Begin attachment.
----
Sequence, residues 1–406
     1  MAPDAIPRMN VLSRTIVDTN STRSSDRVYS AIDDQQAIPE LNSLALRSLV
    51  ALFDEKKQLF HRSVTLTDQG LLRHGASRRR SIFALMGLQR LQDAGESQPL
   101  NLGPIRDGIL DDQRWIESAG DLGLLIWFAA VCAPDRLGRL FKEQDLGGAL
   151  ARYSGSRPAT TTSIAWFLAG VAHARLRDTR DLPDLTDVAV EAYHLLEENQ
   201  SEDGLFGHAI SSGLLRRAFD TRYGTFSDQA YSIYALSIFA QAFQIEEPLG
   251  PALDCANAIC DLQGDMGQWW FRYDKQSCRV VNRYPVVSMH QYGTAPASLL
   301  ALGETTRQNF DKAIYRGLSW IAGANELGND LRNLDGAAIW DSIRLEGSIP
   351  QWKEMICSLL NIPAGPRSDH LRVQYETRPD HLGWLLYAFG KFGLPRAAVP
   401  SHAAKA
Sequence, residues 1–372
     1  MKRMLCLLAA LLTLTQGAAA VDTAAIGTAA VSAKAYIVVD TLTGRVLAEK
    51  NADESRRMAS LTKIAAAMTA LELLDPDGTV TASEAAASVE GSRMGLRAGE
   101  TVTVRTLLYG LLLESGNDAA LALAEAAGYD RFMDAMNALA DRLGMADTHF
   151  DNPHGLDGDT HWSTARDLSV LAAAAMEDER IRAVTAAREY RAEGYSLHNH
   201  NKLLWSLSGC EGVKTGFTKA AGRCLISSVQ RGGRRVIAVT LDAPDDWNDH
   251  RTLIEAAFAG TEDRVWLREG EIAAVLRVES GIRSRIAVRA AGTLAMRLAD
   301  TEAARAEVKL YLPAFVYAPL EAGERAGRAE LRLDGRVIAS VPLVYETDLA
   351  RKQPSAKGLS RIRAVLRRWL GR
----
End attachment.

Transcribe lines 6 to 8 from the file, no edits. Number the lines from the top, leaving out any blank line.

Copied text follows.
   201  SEDGLFGHAI SSGLLRRAFD TRYGTFSDQA YSIYALSIFA QAFQIEEPLG
   251  PALDCANAIC DLQGDMGQWW FRYDKQSCRV VNRYPVVSMH QYGTAPASLL
   301  ALGETTRQNF DKAIYRGLSW IAGANELGND LRNLDGAAIW DSIRLEGSIP